Northern Ireland

Paper Review: The DUP and Dublin's war of words

News Letter front page Image copyright News Letter

"Shots fired."

The stark words on the front of The Irish News reflect the DUP and Irish government's "deteriorating" relationship.

The paper reports that relations between the DUP leader and taoiseach (Irish prime minister) are less than sanguine.

The Belfast Telegraph reports that Arlene Foster hit out at Leo Varadkar for "taking a Sinn Féin line," during negotiations.

Mrs Foster claimed that the Irish government "prevented the DUP" from being shown a copy of the planned Brexit deal, an accusation Dublin has rejected.

The News Letter reports that the DUP's Westminster spokesperson Nigel Dodds says it is Dublin's "aggressive stance" that risks scuppering a post-Brexit border deal.

However, the MP for North Down bites back in the House of Commons.

Lady Sylvia Hermon said she was "profoundly embarrassed" on behalf of Theresa May.

"The DUP does not speak for all of the people of Northern Ireland and does not represent all the people of Northern Ireland," she added.

There's little room for anything else on the front pages but the Belfast Telegraph includes the case of the "compulsive liar" who swindled thousands from his victims.

Matthew Harvey, 23, from Bridge Street in Newry, was jailed for 20 months for his "despicable scams".

The paper reports that Harvey preyed on the vulnerable and scammed seven people, including a "gay man and single mother with dyslexia".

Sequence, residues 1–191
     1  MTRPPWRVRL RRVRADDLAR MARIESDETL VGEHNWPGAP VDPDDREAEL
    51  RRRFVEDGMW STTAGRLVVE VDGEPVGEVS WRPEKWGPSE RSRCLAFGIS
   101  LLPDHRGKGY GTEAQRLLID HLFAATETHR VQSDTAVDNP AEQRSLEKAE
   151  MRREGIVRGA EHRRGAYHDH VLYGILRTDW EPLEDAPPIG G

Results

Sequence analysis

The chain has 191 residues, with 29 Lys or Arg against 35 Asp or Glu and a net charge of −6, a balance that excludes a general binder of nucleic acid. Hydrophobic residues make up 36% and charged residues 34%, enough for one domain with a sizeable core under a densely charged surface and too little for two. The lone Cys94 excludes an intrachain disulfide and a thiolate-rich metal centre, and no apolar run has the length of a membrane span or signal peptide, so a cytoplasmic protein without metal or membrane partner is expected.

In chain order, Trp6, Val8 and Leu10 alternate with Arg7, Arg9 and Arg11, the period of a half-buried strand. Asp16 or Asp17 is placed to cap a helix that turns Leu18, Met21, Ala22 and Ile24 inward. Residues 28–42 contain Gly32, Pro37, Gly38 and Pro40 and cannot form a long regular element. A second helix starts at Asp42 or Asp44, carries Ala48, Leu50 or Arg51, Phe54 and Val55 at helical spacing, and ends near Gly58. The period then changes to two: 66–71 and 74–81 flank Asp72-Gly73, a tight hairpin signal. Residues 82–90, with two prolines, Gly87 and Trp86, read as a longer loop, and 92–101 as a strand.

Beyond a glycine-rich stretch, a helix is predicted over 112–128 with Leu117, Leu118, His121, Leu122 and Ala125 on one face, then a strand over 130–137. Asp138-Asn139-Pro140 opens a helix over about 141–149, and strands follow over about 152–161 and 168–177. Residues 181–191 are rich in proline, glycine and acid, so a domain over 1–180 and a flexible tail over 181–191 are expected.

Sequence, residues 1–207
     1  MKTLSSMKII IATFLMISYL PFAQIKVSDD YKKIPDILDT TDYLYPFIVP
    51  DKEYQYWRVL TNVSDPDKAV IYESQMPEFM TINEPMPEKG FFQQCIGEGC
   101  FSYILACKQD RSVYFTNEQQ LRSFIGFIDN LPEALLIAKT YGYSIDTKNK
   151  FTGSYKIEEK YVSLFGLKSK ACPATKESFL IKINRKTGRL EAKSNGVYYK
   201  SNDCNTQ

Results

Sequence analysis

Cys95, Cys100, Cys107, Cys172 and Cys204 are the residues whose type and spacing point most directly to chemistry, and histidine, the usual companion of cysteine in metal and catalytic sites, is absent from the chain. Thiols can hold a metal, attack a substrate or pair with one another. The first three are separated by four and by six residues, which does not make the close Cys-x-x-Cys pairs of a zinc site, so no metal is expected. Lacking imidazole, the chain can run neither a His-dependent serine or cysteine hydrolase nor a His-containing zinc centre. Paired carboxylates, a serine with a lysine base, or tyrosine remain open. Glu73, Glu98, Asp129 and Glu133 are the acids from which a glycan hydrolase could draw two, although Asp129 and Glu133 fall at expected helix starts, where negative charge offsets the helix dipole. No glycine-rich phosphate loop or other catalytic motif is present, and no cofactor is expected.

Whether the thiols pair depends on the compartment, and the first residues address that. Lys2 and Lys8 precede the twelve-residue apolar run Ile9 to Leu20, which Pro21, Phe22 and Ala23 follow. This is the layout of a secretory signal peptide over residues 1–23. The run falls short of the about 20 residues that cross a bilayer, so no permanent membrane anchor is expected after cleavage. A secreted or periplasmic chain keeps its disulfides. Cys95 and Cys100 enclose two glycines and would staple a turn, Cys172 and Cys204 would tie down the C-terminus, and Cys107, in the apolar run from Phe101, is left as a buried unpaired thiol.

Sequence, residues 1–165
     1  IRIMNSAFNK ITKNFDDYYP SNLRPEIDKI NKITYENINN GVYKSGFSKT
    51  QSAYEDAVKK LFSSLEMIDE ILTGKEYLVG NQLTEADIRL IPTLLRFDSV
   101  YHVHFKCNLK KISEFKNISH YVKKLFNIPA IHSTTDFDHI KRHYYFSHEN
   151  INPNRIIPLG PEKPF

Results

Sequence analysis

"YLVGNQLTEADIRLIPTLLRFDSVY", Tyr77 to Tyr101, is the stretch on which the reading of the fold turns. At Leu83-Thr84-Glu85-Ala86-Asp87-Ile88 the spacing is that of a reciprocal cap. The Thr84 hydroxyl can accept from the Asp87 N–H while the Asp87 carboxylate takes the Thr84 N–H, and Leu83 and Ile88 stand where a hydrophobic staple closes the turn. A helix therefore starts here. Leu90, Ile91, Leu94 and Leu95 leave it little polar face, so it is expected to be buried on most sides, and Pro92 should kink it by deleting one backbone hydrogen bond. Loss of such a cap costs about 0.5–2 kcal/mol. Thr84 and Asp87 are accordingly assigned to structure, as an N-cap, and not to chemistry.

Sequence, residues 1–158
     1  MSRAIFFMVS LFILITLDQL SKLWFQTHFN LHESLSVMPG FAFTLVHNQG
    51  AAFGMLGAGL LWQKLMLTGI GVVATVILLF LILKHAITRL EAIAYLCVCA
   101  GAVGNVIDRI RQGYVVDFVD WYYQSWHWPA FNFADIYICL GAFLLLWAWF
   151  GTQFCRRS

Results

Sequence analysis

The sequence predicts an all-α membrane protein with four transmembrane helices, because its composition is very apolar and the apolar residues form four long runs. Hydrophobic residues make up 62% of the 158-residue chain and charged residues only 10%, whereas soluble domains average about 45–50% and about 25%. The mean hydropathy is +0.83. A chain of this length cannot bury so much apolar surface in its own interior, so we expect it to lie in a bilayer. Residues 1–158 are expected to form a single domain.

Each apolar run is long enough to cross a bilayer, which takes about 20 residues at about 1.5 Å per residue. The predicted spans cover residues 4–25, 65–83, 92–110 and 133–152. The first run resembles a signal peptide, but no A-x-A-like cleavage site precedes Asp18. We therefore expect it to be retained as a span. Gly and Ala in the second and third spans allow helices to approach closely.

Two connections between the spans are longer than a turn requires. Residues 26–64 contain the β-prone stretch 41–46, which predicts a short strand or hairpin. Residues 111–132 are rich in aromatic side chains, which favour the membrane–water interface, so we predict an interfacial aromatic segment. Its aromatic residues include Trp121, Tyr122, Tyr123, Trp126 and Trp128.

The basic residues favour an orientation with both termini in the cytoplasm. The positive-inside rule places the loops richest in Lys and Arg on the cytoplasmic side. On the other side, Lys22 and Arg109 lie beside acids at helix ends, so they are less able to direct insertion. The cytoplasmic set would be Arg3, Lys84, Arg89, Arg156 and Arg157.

A police officer said the PSNI believed there were "more victims out there", and encouraged them to come forward.

'Profoundly estranged'

Getting into the paper, we move on to a story of family wounds being healed.

Image caption Brian and Bap Kennedy, both singers had been 'profoundly estranged' for decades

Belfast crooner Brian Kennedy speaks of his reconciliation with his "profoundly estranged," brother Bap before his death in 2016.

Singer Bap Kennedy died aged 54 after being diagnosed with pancreatic cancer.

Brian Kennedy tells the paper he is "glad" they made up before his brother's death.

"We hadn't really seen each other for 20 years," he says. But Brian says so much time was "wasted" and went to visit his brother.

He said it was a "wonderful way of saying goodbye".

"I wanted him to know that I was there absolutely for him in that moment," he added.

A row over an Easter Rising memorial on council land in County Antrim makes it into all the papers.

The memorial in Carnlough was removed in 2016 after a disagreement over planning permission.

The News Letter reports that unionist councillors have now voted down a proposal to reinstate the stone structure.

The paper understands that of 177 residents in the area who were consulted, 75% expressed support for a replacement memorial.

However it says a DUP recommendation not to proceed was backed by 26 votes in favour and four against, with four abstentions.

Sinn Féin's Patrice Hardy said the party would seek "legal advice" on the matter.

Image copyright PA
Image caption A selection of Seamus Heaney's original manuscripts is to go on show in the National Library of Ireland

Great news for fans of the poetry of the late Seamus Heaney.

The Irish News reports on a new exhibition in Dublin celebrating the "transformative power" of the words of Castledawson's famous son.

The unique archive, entitled "Seamus Heaney: Listen Now Again," includes the poet's original manuscripts and will go on show in the National Library of Ireland next year.

His daughter, Catherine, says the family is "honoured".

She says her father donated the manuscripts so they could be accessible to anyone and it would have meant a "great deal" to him.